In the overall sample of boys in the study, there was a significant decrease in teacher-rated disruptiveness over time. However, there were no significant differences between the treatment and control groups.
There were significant between-group differences on measures of self-reported delinquency, indicating that the treatment group was reporting significantly fewer delinquent behaviors 1 to 6 years after the end of the intervention. However, there were no significant differences between the treatment and control groups when the total self-reported delinquency score was broken down within the stealing, vandalism, and drug use subscales.
Juvenile Court Records
A total of 30 boys (3.3 percent of the total sample) were found to have been placed under the Juvenile Offenders’ Act from ages 12 to 15 (youths are placed under this act if they are arrested by the police, charged, and found guilty of having broken a Canadian law and are thus considered “delinquents”). Of the treatment group, 9.3 percent were placed under the Act, compared with 7.4 percent of the control group. This difference was not statistically significant.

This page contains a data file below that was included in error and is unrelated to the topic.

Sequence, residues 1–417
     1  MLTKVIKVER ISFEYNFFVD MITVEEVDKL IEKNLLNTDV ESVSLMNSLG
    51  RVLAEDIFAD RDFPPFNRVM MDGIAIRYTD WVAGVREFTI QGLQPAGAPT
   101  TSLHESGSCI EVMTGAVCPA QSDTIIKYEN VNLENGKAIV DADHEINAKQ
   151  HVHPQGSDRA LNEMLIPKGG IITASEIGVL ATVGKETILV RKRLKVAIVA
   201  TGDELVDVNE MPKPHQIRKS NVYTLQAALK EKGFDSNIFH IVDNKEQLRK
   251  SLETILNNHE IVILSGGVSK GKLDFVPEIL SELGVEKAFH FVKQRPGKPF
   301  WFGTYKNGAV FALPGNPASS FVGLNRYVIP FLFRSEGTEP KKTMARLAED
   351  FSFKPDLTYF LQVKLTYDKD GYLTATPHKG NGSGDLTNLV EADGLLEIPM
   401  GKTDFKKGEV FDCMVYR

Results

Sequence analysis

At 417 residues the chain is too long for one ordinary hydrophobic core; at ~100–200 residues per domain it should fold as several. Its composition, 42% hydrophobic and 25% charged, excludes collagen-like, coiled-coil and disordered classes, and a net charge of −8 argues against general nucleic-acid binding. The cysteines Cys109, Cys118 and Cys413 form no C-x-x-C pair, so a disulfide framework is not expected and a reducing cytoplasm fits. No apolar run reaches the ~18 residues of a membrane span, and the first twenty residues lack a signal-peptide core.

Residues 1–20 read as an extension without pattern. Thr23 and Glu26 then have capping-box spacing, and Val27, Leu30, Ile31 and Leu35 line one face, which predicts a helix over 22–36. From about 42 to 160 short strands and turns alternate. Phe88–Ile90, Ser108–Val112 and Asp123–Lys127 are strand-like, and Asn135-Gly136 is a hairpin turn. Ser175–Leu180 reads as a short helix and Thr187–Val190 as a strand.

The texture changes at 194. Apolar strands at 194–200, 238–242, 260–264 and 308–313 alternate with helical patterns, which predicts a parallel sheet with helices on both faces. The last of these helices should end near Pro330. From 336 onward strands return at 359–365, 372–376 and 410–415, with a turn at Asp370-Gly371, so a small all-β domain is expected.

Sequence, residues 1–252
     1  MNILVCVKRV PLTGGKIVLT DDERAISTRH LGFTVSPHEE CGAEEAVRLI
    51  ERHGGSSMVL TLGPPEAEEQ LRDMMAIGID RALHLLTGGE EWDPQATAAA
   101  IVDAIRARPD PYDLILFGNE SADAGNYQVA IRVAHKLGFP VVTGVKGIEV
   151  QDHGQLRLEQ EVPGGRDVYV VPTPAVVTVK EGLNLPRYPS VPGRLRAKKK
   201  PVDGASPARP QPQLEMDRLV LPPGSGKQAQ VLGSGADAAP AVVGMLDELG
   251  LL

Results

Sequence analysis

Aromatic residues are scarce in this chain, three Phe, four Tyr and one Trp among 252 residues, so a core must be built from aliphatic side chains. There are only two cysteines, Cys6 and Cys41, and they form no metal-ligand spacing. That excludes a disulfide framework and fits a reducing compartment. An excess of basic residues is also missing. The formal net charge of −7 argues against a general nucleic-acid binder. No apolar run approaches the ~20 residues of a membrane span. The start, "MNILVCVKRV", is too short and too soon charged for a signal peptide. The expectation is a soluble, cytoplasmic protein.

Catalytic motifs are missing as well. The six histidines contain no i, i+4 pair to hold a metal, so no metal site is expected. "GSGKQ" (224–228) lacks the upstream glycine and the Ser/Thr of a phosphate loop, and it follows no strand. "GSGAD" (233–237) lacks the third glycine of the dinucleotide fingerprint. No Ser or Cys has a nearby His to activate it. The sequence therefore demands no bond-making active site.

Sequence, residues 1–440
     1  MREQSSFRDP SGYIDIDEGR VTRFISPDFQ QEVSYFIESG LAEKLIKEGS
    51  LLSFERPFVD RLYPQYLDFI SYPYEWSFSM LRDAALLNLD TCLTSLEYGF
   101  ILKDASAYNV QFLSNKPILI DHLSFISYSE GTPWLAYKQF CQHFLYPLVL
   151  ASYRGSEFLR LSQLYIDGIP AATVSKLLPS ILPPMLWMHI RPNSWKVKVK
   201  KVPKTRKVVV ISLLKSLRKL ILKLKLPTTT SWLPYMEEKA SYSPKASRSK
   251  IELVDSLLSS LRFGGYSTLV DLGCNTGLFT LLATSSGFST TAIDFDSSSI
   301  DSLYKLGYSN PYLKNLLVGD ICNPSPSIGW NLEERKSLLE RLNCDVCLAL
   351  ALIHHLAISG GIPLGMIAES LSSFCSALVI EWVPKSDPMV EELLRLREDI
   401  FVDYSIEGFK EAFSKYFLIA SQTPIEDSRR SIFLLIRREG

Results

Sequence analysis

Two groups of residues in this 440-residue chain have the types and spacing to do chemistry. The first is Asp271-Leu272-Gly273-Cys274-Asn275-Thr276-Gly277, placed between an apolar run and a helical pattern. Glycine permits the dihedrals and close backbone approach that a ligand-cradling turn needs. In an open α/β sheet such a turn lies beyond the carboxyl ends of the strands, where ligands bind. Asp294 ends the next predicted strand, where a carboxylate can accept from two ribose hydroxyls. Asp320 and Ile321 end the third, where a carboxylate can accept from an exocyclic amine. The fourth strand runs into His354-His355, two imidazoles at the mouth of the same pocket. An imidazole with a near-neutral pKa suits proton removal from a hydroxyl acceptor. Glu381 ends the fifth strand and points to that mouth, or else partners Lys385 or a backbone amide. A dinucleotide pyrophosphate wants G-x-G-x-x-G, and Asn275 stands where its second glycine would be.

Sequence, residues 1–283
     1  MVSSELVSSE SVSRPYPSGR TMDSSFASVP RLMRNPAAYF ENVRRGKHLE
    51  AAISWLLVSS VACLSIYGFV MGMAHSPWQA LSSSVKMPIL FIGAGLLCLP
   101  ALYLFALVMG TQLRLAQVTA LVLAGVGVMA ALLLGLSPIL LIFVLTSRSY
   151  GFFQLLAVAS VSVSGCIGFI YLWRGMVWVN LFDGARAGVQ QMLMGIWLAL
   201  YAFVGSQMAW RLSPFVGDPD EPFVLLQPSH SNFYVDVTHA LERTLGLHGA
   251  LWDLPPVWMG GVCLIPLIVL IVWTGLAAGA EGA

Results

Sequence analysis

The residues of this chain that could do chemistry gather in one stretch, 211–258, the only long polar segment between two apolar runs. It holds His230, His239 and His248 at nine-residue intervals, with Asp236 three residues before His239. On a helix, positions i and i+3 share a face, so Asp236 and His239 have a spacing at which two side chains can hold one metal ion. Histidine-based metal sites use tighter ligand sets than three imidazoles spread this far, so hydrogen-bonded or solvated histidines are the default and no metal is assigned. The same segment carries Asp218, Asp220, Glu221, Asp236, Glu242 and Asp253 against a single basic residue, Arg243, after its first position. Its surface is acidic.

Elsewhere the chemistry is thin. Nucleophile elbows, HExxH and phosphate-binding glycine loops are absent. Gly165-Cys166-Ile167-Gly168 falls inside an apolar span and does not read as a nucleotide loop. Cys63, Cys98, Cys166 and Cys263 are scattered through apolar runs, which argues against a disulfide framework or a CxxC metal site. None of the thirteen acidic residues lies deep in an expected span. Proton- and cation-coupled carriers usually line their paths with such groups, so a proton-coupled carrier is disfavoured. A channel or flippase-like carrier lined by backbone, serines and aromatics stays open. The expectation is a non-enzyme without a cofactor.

Perceptions of Parenting
In the overall sample, the boys perceived that they were being punished less and less as they became older. However, there were no significant differences between the treatment and control groups. In addition, treatment group boys perceived more supervision from their parents than the control group boys did; however, the difference was not statistically significant.
High School Graduation
At age 24, Boisjoli and colleagues (2007) found that the treatment group had a significantly higher rate of high school graduation compared with the control group. In the treatment group, 45.6 percent had graduated from high school, compared with 32.2 percent of the control group.
The treatment group had a lower rate of criminal records compared with the control group (21.7 percent versus 32.6 percent), although the difference only approached statistical significance (p=0.06).
25 26 37 41 44 45 60 68 69 74 76 77 81
5 62 69 70 289 291 447 455 456 473 474 475